Hey everyone, and welcome back to the blog! Well March has been a bit weird, hasn’t it? I’m of course talking about the Covid 19 Coronavirus UK lockdown. Sadly, I’ve been busy with work as an essential frontline worker, so things have been tough. I also had a really quiet birthday, which has been strange. I’ve been reading a lot to combat my mental health struggles though, and it has been helping. This month, I read a total of 11 books! So without further ado, let’s begin, and fair warning, there may be spoilers.
The first book I read this month was The Legend of Zelda Twilight Princess Vol 6 by Akira Himekawa. This is the sixth manga in the series, and follows hero Link as he attempts to save the world from encroaching darkness. Following on from the events of the previous book, Link is searching for the shattered Twilight mirror fragments, but his feelings are beginning to muddle… This felt a shorter manga, but it was powerful. There was a lot of action, and I loved the yeti side-plot – this was something I loved in the video game too! Link has funny moments, but it has a darker side that is appealing and makes the overall plot of this instalment. It’s almost like a portrayal of mental illness and anxiety, and I appreciated that. The art is as good as ever, but my disappointment in this was the length – I think it’s the shortest so far, and while a lot happens in the art, it doesn’t advance much of the plot on. I rated this 4 stars.
The next book I read was the hardback edition of Harleen by Stjepan Šejić, which is a DC Black Label graphic novel. This collects issues 1-3 of the graphic novel series, and is a dark interpretation of Harley Quinn’s origin story. In this, Harleen Quinzel is a young psychiatrist searching for a cure for madness. She spends time with the inmates of Arkham Asylum, but she is drawn to one in particular – someone who may take her further away from reality… I absolutely loved this! These are well established characters, in a well known plot line, yet somehow, Harley and Joker seem more human. Their flaws and thoughts are what people have experienced in some or other, and it’s easy to see how and why they entered into an abusive relationship, even from the start. The plot considers the romance aspect, and this was more steamy than I had expected. This is definitely more of an adult’s graphic novel, as it is darker and more psychological in its portrayal. All this realism is within the art as well – it’s a style that feels less cartoon and comic book like. Its a cleverly written and drawn book, and I’d highly recommend. I rated this 5 stars.
The next book I read was House of Earth and Blood by Sarah J. Maas, which is an adult fantasy. This is the first book in the Crescent City series, and follows half-human, half-Fae, Bryce Quinlan. Bryce was a party girl, but when her friends are murdered, she hangs up her dancing shoes and becomes a shadow of her former self. Two years later, when a slew of murders occur, she is called in to assist Fallen angel, Hunt Athalar, to find the killer… This novel had me confused. There was a lot of world building, characters and information given that I felt really slowed the pace down at the beginning. The novel is 800+ pages, and feels slow – there are scenes or phrases which could have been taken out. Bryce and Hunt are characters almost typical of Maas’ writing style – she’s trying to find things and be tough, whereas he is domineering with mistakes in his past. Their relationship grows and I did like the realism – at times. Some of those scenes didn’t feel right at times, and there are less romantic scenes than typical of a Maas novel. There are also a lot of clichés and tropes, but it does work for the novel, and tries to tun them on its head. It twists and turns, leading a merry dance to a climax, which is powerful and action packed. I ended up rating this 4 stars.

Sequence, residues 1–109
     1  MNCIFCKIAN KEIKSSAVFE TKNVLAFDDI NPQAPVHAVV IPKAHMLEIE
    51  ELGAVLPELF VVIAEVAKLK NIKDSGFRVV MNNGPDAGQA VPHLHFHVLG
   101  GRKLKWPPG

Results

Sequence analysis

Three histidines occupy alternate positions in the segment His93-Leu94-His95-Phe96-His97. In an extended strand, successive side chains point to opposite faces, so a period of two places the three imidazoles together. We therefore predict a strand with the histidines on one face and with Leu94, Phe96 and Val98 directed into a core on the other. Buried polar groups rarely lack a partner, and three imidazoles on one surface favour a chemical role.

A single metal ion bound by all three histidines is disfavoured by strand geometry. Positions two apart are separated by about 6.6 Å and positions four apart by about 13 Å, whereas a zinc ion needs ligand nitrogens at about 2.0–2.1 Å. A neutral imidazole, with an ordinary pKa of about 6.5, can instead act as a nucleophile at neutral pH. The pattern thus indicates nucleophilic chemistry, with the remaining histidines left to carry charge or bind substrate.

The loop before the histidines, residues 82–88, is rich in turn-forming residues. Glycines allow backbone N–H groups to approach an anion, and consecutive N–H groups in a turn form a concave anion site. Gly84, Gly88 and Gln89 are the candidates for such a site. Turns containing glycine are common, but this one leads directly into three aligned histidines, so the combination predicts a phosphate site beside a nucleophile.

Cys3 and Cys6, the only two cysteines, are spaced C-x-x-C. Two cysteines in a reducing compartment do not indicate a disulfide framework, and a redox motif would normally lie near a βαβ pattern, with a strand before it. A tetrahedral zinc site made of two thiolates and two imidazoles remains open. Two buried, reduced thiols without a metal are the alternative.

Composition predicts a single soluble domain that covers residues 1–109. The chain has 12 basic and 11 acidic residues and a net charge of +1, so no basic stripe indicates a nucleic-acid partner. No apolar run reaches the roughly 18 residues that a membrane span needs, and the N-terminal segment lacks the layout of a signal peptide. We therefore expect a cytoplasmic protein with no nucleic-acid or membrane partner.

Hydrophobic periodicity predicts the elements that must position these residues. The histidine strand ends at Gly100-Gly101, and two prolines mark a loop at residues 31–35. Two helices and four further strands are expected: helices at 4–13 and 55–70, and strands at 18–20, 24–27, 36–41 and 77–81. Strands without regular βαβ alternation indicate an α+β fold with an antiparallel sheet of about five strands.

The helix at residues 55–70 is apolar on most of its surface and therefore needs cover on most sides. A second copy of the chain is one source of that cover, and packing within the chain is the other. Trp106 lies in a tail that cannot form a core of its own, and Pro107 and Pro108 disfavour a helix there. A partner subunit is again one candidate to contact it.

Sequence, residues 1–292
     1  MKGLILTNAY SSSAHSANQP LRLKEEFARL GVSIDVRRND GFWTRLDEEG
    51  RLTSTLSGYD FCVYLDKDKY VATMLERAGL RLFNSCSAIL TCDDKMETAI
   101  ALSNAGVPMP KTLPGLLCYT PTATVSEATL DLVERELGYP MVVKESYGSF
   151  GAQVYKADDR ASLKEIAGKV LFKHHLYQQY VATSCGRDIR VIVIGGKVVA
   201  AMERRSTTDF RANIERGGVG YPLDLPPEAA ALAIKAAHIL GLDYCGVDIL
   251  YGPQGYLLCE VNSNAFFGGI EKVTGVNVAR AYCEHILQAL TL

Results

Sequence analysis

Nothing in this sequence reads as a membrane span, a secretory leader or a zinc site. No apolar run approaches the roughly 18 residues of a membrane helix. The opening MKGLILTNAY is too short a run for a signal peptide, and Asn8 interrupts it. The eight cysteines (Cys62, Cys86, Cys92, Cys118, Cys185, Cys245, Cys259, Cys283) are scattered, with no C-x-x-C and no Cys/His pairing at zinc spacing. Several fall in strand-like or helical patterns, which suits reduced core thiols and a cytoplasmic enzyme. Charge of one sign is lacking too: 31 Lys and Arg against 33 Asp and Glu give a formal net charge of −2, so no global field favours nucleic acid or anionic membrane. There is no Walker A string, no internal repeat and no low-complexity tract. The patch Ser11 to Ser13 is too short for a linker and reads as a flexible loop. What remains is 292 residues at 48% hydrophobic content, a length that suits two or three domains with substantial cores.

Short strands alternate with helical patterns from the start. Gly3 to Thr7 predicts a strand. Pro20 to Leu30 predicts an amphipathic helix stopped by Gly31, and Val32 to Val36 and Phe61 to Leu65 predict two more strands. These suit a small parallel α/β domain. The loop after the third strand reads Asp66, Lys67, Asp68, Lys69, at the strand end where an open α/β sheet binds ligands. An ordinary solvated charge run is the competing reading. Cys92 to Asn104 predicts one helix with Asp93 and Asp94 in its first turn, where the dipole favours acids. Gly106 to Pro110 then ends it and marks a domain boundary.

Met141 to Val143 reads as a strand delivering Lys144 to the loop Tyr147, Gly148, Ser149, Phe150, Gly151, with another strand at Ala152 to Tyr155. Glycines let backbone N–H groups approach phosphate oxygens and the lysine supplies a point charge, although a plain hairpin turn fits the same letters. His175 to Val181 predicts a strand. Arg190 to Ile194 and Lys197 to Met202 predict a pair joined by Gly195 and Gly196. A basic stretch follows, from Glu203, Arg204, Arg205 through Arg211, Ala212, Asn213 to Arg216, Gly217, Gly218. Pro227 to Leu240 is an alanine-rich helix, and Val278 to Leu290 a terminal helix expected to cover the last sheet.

I then read a library book, How to be Famous by Caitlin Moran, which is an adult contemporary. This is the second book in the How to Build a Girl series, which follows working class Johanna, as she tries to find her place in the world. Picking up after the events of the first book, Jo is still writing music articles under the name Dolly Wilde. She’s living her best life in London, although things aren’t always great. She’s still pining after musician John Kite, and has had terrible sex with comedian Jerry Sharp. When Jerry reveals their escapades to friends and the general public, Johanna is mortified, and tries to find a way back to being herself… I was disappointed with this, and I had read this in one day. I feel like Johanna or her family have had little growth as characters. The biggest change in some respects is John Kite, but at times it felt a little bit like contrite fanfiction. The writing felt like an exact copy of the first book, except I found spelling and grammar mistakes that I couldn’t ignore. The plot itself feels like a cash in on the #MeToo movement, and bumbles along in it’s own little vein, whilst trying to be feminist, but I think ultimately failing. I rated this 2 stars.
The next book I read was also from the library, and that was Loveboat, Taipei by Abigail Hing Wen,which is a young adult contemporary. This is the first book in the Loveboat, Taipei series, which follows groups of Asian teenagers who are brought together to learn more about their culture, and also break out and rebel. This novel follows Ever Wong, who is destined for medical school, much to her disappointment. Ever longs to dance, but her life has been dictated to her by her strict family. When she begins the Loveboat programme, her world is about to be turned upside down… I enjoyed my time with this book, reading a lot of it in my breaks at work. Ever goes from being so downtrodden with dreams, to finding out how easy it is to be her own person, and be accepted for this. I loved the cultural exploration, which is own voices – the author and her husband have been on Loveboat-type programmes. I did find the plot a little too cliche. Maybe I’m getting too old for teen drama, I don’t know, but everything was a little over the top and dramatic. I didn’t care for the romance aspect – wrong guy in my opinion! There were however, discussions of domestic abuse, family, mental health, and virginity, which are topics everyone needs to have some sort of knowledge around, especially in our society. All in all, I did like this, but I’m not sure I’m going to be reaching for the sequel. I rated this 3 stars.